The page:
Collection of Colonies of Bees – Birds review

Some bands are able to pack you up and take you on a ride with each album that is put out. And you’ll go anywhere they take you, because you’re faithfully devoted to joining them on a new journey, especially with well-respected, reputable musicians. Collections of Colonies of Bees’ most recent work, Birds (2008; Polyvinyl Records), starts off with the promise that you’re on your way somewhere interesting, unexplored and spontaneous. To the untrained ear however, Flocks I soon goes into loop-mode and you feel like your cochleae are stuck in traffic and you’re not getting anywhere at all.

For a non-connoisseur, Chris Rosenau’s riffs sound repetitive and overdrawn, and the album comes across as improvised and all over the map, like something they lazily recorded in a wood-paneled basement, surrounded by Jameson empties and sedative capsules. But much like a map, music is all about connection, it just depends where you’re going. If you’re looking for something instrumental to listen to while driving through the prairies at sunset, then this is the album for you. Like the setting, Birds feels long and flat but has beautiful moments and a softness that will warm your heart as you explore its vastness. You may want to travel lightly, at up to 11 minutes per track on this post-rock recording, you’ll want to have room for an open mind.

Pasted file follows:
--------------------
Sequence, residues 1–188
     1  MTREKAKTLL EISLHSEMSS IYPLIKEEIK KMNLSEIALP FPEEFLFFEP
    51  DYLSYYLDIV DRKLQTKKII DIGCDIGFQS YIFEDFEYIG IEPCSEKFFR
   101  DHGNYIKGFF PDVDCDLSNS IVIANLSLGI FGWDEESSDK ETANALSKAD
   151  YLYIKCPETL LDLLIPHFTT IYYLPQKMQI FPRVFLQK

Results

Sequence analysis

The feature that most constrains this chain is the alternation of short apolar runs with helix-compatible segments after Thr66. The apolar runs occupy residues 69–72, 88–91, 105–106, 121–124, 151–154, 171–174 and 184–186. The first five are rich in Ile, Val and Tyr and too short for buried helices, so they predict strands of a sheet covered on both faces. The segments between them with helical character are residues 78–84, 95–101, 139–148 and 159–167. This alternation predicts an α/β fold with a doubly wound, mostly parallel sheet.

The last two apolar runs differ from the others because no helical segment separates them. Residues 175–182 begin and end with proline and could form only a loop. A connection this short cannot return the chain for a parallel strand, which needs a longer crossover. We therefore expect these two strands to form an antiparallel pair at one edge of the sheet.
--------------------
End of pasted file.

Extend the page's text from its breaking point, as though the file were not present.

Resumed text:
As the album and song titles denote, this album takes flight and at the risk of sounding cheesy, it inspires an inner awakening, akin to bonding with a bird as you watch it soaring above. This is especially transferable on Flocks IV, the final song on the album.

Beyond measure, the collaborative element between band mates seamlessly delivers a showcase of the brilliant inner-workings of these Wisconsin natives. Pretty acoustic keyboard notes offset the electricity felt elsewhere and the consistent stretching of meticulous guitar flicks create a rich filling that hovers gently above Jon Mueller’s optimistic drumming.

Overall an interesting album that forces you to let go of conventional expectations when it comes to appreciating music and provides an eclectic backdrop to your spiritual revolution. Or Sunday drive. Or whatever.

By Katie Leggitt

Katie lives in Montreal, Qc.

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